One year ago, I was sat in bed. My partner-at-the-time was sleeping on the floor. I had found out a couple of days before that he had fucked another woman in his friend’s house on the Tuesday. I had left a full-time job at the beginning of the academic year, to give my time to the Junior Fellowship at Goldsmiths. Since September a family friend of his had offered us the attic room in her house for £175pm each. I could just get by on savings and my meagre income from the university. So, when things felt irreparable, I couldn’t afford to leave. He shared his privileges with me, which then became cruelly twisted.
It was a Saturday, and I just found out Mark Fisher died. Mark. The only person who made me feel like I belonged in the academy. Mark. Who’s text Good for Nothing made me cry because it articulated that same class power(lessness) I felt. Mark. The lecturer who I hung about after class to chat to, because I wanted to make sure he was okay. His vulnerability emanated from him. Mark. Who was glorious when angry, beautifully articulating those things at the back of your mind, those things that had been bothering you all your life, you just couldn’t name it. He was wonderful at naming things. Once named, we could do something about it – at least we hoped.
My partner and I sat separately on the bed, each of us crying. Neither of us able to comfort one another. I was too repulsed by him to even touch him. There was a particular cruelty to the chain of events, as those who had begun to build my trust and self-worth were rapidly taken away. So we cried. We hoped it wasn’t suicide, but we knew it was. Then it was confirmed and we cried more. I don’t remember much else from the rest of that day, other than receiving messages on Facebook as we lived too far away from our support networks.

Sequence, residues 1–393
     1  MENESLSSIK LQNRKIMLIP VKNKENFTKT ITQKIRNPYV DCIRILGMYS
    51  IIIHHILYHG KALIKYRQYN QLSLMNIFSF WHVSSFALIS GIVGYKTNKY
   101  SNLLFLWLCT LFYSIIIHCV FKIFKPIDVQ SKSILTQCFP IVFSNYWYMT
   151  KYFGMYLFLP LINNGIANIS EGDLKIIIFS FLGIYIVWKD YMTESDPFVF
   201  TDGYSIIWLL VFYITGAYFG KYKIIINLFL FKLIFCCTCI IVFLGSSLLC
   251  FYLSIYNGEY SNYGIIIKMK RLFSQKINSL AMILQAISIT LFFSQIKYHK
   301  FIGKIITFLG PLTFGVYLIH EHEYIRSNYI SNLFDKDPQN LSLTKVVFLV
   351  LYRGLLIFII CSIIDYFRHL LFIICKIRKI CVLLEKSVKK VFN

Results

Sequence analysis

I became fanatic, fixating desperately on Mark and being active on campus. Our attic bedroom became a site of despair, confusion and depression. Once I moved out in June, I returned once to collect my things, attempting to go on my own. As soon as I entered the room I had a panic attack lasting several hours, not stopping until my friend came over (reluctantly because he had also fallen out with my partner) and helped me. I spent six months in that space that I felt I couldn’t afford to leave. My declining mental health making any thought of getting another job and leaving impossible. We lived an hour (sometimes an hour and a half, depending on traffic) away from our support networks, our friends and our workplaces. Everything was an hour away from the emotional abuse we submitted one another to. Our landlady despaired, she was also going through a hard time after her parents’ deaths. It was a miserable, miserable period. I am relieved to no longer be there.
Friday night at Res., this came flooding back to me as I blinked back tears. I was too embarrassed to tell anyone what was going on in my personal life at the time. I felt classed and gendered, not finding any understanding. Respite came in the form of friends who let me stay with them, as well as organising on campus, fighting for Mark’s memory. I burnt out every week. Commuting, working, campaigning, crying, drinking, smoking, drugs, sleeping for long periods, spending long days inside too burnt out to move. I was lucky to have a roof over my head in London and I still value my landlady’s generosity every day. Privilege sharing is important. But when I did view the house I was going to move into, I cried because the residents made tea and were kind and caring. All of this is a reminder to never privatise myself to a single individual again and the mindfuckery that goes with that. Being communal in our selves is important. Considering Bifo’s writings, sense is indeed made in shared spaces and happiness is most certainly of the corporeal mind.
I miss Mark deeply. He just got what it is like to be poor. There was a bitter irony to my lived situation, and the loss of such a wonderful man. If he couldn’t manage it… we were scared. I think of him every day. I wish I’d told you how important you were to me. I wish your care wasn’t a rarity. You helped me feel like I belong somewhere, even if that was in not-belonging. Because you felt you didn’t belong either, Mark. The marks of class are indeed designed to be indelible, you understood it so well. I miss you.
When your dad talked about Hillsborough at your memorial, that you were there, and had carried that survivor’s guilt with you. I cried even harder. It made sense. It continues to make sense. You were a constellation of such incredible histories, communities and memories. And you lived the contradictions, perhaps more personally and creatively than many. I am so glad I knew you. I am so glad you shared some of your passion and fury with me. We are still dreaming of those lost futures as we try to enact unknown ones.
We are indebted to you, love.